PHILADELPHIA - The Penn and Drexel men's basketball teams enter the 2007-08 season with plenty of questions, andperhaps predictablythere was a lot of interest in Friday night's opener as they faced each other at The Palestra.
Talk about starting the season off with a bang. The Quakers and Dragons could not settle things in regulation -- instead, it was overtime before Drexel was able to assert itself (again, as it turned out) and gain a 67-59 win.
It marked just the thirdtime Penn has gone overtime ina season opener, and the first since a 93-91 double-overtime loss to Navy at the start of the 1988-89 season. (The other was a 26-24 OT win over Saint Joseph's to tip off the 1928-29 campaign)
The performance the teams put on Friday was hardly a work of art -- it was indicative of a pair of teams that lost several key elements from successful teams last year, and are starting fresh with young, inexperienced players. For example, there were 36 turnovers, andthe teams shot barely 50 percent combined from the foul line. At times, it was a wonder trying to figure out exactly who wanted to win this thing.
And yet, when it was over, the sentiment could be summed up by something that was overheard on press row: "for a bad game, that was a really great game."
Thatmuch wastrue. What the game lacked in aesthetics, it certainly made upfor in drama.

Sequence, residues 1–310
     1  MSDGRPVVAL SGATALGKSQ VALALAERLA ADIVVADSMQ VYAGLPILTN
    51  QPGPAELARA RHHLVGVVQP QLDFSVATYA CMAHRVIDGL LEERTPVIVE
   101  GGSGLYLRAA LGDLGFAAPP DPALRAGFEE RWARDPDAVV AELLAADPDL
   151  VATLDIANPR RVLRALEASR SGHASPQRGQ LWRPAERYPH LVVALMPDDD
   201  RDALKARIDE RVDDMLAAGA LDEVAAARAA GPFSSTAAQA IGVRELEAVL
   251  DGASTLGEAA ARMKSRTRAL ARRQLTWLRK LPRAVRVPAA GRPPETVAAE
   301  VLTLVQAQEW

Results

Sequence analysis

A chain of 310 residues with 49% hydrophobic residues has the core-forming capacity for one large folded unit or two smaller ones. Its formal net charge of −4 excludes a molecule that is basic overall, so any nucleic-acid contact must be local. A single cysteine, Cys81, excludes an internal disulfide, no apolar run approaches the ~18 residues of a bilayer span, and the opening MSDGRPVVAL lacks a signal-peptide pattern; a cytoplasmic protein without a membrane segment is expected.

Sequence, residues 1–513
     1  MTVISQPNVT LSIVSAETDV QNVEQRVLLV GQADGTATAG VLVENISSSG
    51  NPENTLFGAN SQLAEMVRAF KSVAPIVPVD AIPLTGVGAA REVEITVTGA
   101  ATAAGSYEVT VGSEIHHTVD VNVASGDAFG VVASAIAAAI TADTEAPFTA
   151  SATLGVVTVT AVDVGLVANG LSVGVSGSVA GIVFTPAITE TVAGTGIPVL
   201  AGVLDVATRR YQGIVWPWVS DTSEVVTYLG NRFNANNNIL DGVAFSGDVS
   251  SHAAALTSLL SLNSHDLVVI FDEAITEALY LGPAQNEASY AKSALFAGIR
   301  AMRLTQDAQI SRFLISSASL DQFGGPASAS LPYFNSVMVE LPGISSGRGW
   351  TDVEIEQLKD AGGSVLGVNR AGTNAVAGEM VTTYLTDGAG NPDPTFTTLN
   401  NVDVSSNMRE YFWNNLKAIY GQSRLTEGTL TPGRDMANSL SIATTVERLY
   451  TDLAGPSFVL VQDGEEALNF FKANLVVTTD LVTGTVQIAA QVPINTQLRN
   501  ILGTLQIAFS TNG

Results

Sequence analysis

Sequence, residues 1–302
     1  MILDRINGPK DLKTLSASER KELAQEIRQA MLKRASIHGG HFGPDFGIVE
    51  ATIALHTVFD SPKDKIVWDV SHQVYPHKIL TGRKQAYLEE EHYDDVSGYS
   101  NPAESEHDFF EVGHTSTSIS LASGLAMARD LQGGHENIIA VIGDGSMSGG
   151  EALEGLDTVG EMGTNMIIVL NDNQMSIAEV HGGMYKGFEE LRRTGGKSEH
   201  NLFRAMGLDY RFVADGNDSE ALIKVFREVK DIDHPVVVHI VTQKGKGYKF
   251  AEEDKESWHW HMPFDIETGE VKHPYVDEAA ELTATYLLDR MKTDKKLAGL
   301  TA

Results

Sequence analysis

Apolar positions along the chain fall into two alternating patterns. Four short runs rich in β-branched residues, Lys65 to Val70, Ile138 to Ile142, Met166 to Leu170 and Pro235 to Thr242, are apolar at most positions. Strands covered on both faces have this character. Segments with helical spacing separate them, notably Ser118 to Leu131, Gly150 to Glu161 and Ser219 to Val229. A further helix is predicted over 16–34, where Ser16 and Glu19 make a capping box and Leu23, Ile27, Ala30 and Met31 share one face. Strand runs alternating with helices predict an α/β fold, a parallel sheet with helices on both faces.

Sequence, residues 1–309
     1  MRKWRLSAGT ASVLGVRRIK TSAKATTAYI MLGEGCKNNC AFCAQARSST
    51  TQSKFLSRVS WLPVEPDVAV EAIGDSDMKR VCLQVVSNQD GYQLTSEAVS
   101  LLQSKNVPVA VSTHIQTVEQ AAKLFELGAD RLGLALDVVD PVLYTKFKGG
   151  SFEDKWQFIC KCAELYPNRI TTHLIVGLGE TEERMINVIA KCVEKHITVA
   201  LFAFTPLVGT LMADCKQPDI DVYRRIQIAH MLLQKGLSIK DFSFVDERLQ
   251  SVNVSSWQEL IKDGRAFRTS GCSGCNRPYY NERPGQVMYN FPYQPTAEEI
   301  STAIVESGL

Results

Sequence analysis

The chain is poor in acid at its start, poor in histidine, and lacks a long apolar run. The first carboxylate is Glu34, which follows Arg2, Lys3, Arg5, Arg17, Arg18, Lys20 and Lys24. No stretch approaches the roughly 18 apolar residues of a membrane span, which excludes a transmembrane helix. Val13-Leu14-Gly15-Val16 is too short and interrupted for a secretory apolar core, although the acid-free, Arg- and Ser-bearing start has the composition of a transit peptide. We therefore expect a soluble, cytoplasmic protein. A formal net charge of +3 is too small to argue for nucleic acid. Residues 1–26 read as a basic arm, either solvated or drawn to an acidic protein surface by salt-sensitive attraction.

For the Penn fans among the 6,656 in attendance, the high point came right at the end of regulation. That was when senior Michael Kach missed a free throw (of course), which was rebounded by senior Brian Grandieri who missed the putback in traffic (of course).
Enter Jack Eggleston.
The freshman claimed that, prior to tonight, he had never played a game before more than a few hundred fans. With the clock nearing triple zeroes, he grabbed Grandieri's miss and put it in the hoop, tying the game at 52-52. Drexel only had time for a 70-foot desperation that never had a chance, and we were headed to overtime.
Eggleston's improbable bucket -- thepunctuation on an equallyimprobable Penn comeback -- turnedThe Palestra into an absolute explosion ofnoise. Welcome to college basketball, kid.
Howcrazy was the concept of this game going to overtime? Consider that Penn had not led in the game at any point in regulation, and in fact Eggleston's basket just created the second tie in the contest -- the other being0-0.